Consumer Borrowing in U.S. Climbed at Faster Pace in December

Consumer borrowing rose in December by the most in three months, led by faster growth in non-revolving loans for motor vehicle purchases and continuing education.

The $21.3 billion increase in total credit followed a $14 billion gain in the previous month, Federal Reserve figures showed Friday. Revolving debt also rose.

Households may be more willing to carry larger credit-card balances and take out car loans amid persistent job growth that is showing signs of fueling bigger wage gains. For all of last year, consumer credit outstanding rose 6.9 percent.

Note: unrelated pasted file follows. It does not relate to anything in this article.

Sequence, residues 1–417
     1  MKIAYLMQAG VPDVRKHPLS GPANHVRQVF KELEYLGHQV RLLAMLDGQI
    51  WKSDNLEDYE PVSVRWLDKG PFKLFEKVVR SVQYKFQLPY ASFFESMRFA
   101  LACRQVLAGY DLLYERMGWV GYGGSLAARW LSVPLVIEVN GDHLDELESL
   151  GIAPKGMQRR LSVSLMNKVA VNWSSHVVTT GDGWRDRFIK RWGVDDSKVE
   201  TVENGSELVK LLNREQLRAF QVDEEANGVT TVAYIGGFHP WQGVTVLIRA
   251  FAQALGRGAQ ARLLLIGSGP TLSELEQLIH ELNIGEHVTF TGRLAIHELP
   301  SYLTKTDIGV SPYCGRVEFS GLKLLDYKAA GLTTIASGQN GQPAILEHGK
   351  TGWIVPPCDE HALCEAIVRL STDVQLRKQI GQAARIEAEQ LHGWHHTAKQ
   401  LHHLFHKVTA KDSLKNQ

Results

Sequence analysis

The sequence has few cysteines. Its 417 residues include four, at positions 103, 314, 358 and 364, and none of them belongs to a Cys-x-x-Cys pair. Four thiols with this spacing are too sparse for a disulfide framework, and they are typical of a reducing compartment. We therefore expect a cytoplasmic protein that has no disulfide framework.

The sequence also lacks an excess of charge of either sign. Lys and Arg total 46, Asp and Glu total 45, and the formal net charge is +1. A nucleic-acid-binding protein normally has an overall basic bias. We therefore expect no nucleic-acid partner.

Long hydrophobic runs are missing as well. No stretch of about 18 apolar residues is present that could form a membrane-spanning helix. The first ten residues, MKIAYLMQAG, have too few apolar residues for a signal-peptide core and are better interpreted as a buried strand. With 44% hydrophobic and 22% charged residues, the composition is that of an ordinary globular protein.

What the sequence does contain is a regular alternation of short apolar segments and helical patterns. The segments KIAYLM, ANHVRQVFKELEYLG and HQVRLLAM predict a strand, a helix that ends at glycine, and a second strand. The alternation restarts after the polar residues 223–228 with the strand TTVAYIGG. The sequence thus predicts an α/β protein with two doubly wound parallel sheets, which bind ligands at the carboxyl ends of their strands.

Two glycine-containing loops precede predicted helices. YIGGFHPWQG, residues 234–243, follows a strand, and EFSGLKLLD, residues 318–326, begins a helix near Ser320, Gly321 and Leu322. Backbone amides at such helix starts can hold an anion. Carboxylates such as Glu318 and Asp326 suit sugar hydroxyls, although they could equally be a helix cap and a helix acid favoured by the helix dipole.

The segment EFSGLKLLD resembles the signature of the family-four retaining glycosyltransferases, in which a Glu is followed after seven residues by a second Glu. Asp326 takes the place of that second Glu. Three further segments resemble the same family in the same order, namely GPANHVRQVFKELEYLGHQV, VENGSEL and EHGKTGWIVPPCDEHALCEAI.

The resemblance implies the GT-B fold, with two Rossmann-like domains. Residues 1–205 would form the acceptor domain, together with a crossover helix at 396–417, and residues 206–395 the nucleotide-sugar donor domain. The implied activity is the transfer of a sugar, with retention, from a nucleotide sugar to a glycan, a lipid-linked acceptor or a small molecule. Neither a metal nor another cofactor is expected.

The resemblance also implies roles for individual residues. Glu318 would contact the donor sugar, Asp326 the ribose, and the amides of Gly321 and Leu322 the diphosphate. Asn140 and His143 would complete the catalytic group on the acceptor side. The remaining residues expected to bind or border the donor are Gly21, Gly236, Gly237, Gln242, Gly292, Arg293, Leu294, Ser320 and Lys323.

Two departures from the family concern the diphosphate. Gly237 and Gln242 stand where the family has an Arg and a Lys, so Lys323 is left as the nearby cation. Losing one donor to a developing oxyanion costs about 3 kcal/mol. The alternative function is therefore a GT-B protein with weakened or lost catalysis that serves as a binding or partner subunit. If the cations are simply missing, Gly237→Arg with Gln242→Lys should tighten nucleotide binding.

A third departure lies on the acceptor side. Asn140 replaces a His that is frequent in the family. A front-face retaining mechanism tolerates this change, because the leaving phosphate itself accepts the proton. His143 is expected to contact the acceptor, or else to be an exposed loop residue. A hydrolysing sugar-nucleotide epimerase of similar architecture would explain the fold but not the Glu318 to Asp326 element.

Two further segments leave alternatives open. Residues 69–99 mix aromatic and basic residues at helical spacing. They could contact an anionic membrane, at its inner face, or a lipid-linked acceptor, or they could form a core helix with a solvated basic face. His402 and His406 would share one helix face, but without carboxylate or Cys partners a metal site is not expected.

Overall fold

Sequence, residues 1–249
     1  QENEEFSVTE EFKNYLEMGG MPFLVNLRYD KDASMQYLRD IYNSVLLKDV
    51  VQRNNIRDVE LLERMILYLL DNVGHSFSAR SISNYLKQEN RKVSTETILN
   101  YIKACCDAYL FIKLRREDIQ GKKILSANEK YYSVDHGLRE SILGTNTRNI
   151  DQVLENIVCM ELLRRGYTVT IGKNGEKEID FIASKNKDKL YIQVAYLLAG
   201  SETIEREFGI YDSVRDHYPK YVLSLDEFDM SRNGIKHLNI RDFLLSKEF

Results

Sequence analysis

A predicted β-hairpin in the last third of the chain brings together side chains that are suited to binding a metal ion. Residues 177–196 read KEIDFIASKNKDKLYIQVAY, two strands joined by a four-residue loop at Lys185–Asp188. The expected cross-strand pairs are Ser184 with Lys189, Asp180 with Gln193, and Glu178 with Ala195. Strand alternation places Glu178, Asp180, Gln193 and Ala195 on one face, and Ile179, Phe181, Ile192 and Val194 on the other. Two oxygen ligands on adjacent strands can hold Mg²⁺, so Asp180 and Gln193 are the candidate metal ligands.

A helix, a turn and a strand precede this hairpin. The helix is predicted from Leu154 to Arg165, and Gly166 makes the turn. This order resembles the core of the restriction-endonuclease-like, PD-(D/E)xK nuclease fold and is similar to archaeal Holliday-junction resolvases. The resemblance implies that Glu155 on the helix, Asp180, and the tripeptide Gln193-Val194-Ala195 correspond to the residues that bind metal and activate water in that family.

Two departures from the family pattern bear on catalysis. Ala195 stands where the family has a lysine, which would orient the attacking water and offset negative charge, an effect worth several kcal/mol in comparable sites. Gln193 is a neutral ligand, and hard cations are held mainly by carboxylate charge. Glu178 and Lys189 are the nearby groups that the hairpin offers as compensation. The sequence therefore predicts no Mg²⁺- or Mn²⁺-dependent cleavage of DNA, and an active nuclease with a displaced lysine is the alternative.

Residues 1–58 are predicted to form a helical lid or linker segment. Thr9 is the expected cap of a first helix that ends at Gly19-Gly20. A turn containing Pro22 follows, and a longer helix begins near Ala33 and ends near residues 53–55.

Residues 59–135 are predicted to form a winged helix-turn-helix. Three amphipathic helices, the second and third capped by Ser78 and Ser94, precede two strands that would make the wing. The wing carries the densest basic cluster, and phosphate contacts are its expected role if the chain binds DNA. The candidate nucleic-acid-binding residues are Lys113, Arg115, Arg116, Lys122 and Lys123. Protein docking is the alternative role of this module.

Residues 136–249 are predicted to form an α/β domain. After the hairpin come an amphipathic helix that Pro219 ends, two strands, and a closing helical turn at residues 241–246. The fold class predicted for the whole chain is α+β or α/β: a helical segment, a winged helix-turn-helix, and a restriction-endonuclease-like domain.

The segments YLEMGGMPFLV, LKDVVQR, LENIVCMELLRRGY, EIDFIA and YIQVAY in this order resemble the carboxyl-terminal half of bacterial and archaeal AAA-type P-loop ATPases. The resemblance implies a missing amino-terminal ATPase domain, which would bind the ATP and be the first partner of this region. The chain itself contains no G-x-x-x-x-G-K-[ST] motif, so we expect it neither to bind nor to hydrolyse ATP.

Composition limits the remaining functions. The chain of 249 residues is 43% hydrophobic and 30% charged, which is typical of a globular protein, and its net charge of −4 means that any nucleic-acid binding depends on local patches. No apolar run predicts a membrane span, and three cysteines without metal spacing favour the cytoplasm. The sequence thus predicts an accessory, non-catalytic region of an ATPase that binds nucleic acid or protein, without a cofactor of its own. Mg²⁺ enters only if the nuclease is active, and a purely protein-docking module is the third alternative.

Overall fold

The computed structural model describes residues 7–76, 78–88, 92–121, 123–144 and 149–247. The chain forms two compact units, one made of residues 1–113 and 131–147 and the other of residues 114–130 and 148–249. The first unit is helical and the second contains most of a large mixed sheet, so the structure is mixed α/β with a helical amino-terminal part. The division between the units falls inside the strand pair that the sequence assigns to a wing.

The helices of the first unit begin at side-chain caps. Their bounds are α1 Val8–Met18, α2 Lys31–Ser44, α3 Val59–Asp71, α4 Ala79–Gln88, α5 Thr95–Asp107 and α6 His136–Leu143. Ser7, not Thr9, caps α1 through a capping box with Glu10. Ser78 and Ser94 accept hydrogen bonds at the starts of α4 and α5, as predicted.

Non-revolving loans, which include funding for college tuition and auto purchases, increased $15.4 billion in December, twice as much as the previous month’s $7.7 billion gain.

In the fourth quarter, student loans climbed $9.5 billion and lending for auto purchases increased $8.9 billion.

Revolving debt, which includes credit cards, climbed $5.8 billion in December after a $6.4 billion gain in the prior month, the data showed.

The median forecast of 30 economists surveyed by Bloomberg called for a $16 billion increase in total borrowing, with estimates ranging from gains of $10 billion to $25 billion.

The Fed’s consumer credit report doesn’t track debt secured by real estate, such as home equity lines of credit and home mortgages.